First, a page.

Discover more from Antonio Dias
We are lost without sincerity. To be immersed in lies; to constantly dissemble; to be treated as an object for someone else's purposes; is to find our selves in the utmost precarity.
An apocryphal tale whose source I can no longer remember sticks with me. It's of a moment of first encounter between a North American and some "Discoverer," some hell-bent treasure-hunter arriving on these shores with visions of gold and spices and slaves to be had. The chief is summoned. He takes one look at this alien visitor and strikes him dead with his ceremonial club.
His only comment, "He was insane. Now he is at peace."
We've strayed so far from the human expectation that we all look at each other as fellows and not the means to some perverted end. There was a deep recognition in this chief that we cannot live among those who are so trapped in their own lies that there is no glimmer of our native sincerity left in them.
It was, for him, a matter of hygiene to eliminate this contagion from their lands.
But the insanity kept coming. We're now in the reverse situation. To expect sincerity is to be taken for mad.
Another image, this time from my own childhood. In the second grade, already becoming seasoned at surviving the horrors of that den of acculturation that was the big yellow school bus. There was a new kid. A tall, blond boy, big for his age. He had been home-schooled – very rare in those days in the late fifties. He boarded that bus. A lamb to slaughter. A vision of the Christ at the moment of His sacrifice.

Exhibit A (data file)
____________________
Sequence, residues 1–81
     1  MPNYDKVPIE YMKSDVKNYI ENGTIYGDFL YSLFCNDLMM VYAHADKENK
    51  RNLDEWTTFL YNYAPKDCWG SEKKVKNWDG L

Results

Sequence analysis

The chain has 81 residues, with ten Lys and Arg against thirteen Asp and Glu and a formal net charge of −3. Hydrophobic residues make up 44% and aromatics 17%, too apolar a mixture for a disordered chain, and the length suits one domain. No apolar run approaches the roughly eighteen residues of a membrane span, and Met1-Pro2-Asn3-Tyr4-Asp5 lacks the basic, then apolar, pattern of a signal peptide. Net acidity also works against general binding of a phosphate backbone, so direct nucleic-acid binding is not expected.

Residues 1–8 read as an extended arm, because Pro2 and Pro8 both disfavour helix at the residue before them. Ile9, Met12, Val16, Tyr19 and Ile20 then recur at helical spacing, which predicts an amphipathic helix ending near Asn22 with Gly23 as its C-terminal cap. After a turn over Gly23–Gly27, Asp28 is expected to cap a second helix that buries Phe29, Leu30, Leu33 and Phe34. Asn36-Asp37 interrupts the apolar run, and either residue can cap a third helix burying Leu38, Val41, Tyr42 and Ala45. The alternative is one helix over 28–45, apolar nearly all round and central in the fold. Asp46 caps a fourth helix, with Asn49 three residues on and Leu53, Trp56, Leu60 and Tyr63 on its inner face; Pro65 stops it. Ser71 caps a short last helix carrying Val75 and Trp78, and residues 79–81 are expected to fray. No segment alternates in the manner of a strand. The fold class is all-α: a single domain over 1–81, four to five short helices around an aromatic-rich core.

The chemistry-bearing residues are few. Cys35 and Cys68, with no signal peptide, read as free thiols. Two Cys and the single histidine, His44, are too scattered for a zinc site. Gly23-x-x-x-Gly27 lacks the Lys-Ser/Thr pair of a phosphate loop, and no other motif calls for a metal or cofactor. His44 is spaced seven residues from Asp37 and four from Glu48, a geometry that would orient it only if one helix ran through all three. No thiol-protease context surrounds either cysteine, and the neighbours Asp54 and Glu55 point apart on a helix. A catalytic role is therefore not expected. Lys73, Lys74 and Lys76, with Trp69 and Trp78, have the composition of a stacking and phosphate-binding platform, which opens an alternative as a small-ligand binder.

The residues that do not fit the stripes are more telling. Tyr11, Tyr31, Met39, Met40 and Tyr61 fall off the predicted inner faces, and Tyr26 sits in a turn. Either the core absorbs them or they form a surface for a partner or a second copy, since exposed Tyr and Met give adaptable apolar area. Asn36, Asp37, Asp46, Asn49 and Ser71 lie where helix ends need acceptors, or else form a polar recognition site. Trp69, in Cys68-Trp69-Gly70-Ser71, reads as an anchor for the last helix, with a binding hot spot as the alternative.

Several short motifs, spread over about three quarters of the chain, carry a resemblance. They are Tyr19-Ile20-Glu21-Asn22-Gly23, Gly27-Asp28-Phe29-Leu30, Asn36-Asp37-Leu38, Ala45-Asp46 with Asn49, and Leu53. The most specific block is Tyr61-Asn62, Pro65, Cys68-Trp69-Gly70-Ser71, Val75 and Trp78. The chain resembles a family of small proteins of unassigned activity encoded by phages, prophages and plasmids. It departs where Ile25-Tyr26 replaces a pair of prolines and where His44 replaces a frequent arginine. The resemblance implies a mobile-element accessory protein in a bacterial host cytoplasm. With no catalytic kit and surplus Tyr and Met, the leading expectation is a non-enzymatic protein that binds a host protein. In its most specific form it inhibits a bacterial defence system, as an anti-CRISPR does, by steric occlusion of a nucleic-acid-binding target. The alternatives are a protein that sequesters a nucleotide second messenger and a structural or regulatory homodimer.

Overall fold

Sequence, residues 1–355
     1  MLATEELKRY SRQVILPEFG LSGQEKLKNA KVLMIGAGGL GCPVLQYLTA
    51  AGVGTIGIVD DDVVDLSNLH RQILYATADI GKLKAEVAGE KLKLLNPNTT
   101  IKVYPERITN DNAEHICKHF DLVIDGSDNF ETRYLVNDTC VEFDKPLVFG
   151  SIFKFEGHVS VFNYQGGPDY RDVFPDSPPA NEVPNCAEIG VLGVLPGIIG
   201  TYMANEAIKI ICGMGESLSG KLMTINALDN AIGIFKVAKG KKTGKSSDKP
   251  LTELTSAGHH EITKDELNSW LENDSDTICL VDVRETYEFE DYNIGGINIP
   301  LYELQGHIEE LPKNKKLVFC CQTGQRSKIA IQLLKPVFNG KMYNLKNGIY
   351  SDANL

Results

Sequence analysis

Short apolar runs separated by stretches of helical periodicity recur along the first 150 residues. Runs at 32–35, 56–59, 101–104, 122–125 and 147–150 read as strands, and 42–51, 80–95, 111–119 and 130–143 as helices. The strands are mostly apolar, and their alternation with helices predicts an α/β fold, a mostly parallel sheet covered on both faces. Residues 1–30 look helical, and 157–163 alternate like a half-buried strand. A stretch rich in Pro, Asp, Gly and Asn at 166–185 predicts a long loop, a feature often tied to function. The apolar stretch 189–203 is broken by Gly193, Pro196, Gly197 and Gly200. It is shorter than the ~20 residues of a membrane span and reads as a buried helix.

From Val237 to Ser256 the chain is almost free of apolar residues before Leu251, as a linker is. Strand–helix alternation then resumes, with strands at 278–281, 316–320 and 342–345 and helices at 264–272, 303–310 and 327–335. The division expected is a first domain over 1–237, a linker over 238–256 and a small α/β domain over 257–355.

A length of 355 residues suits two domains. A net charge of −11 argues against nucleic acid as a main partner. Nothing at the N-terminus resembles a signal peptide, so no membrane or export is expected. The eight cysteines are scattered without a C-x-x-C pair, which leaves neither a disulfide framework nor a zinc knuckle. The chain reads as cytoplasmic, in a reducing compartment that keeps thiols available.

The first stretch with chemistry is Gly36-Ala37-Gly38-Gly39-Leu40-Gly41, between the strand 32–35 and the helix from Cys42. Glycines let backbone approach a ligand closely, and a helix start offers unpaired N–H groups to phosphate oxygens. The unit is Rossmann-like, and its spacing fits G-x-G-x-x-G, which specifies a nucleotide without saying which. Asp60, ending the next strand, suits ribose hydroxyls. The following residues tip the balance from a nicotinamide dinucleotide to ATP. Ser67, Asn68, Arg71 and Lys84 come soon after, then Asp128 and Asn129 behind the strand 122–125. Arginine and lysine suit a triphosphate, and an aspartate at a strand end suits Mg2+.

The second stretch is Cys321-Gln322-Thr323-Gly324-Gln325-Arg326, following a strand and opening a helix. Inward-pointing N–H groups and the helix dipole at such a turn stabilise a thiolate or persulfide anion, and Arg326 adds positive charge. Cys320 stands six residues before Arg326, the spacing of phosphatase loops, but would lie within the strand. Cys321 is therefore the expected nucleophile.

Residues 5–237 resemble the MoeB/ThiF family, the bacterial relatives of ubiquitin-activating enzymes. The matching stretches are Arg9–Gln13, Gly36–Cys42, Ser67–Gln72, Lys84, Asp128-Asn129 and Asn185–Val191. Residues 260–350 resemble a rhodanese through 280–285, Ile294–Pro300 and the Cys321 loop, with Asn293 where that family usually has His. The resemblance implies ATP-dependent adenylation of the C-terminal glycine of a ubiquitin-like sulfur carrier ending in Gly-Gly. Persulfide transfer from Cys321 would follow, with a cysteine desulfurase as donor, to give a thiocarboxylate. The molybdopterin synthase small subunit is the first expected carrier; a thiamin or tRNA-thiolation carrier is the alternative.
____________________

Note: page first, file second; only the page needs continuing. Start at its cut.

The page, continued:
He had no idea what was happening to him. He got off the bus with his clothes torn. Maybe worse, memory fails at summoning details….
Without knowing it at the time. Only feeling a sense of guilt and shame mixed with relief. Here was another easier target for the bullies. They would not pick on me that day…. I can still see the look on his face. The scariest part, what gave this incident its power to stick with me all these years, was that his look did not change.
It's true; he boarded the bus smiling; happy at the prospect of a new adventure, new friends to be made. At the end his face was streaked with tears. But beneath the emotions of these conflicting moments, passing from a profound innocence to this first great break with his accustomed expectations, there remained his innate sincerity. Unbroken.
Innocence. I always thought it meant patsy. Isn't that what we are lead to believe? That innocence is a lack. It wasn't until I heard Krishnamurti use the term correctly. To be innocent is to be free from harm, harmless.
There are two sides to this. Sure to be harmless in one sense is to be an easy target. The harmless one will not fight back.
But what he was getting at was that innocence defends us from harm.
Not that it defends us from being hurt. Torn clothes are only among the slightest indignities we are subject to. But pain and misery are not suffering. And to be innocent is to be free from suffering.
It is sincerity that holds us in innocence.
Compassion is attention. Attention is compassion. Each only limited by the extent of our immersion in their unity.
Here is where sincerity lies. It lives – and gives us an opening into our own lives – at this level. To be insincere is to allow violence to tear apart this connection. Violence is absence. Absence is violence.
Here was the fatal flaw the chief recognized in his mad visitor. Here was the distance, the gap between our young Kimberly on that bus and his tormentors and those of us who stood aside and let it happen.
Behind the knowing smirk, there is shame at our complicity borne in our wink and a chuckle. Pretending our loss of innocence is some gain is the point of entry as violence takes over our souls.
All of our choices reside inside of us. Just as the only thing we truly have is our attention; we are the only ones who can steal this birthright from us.
What is mad is to choose to throw this all away.
The path leading from this precipice is illuminated by sincerity.
Let us follow its light.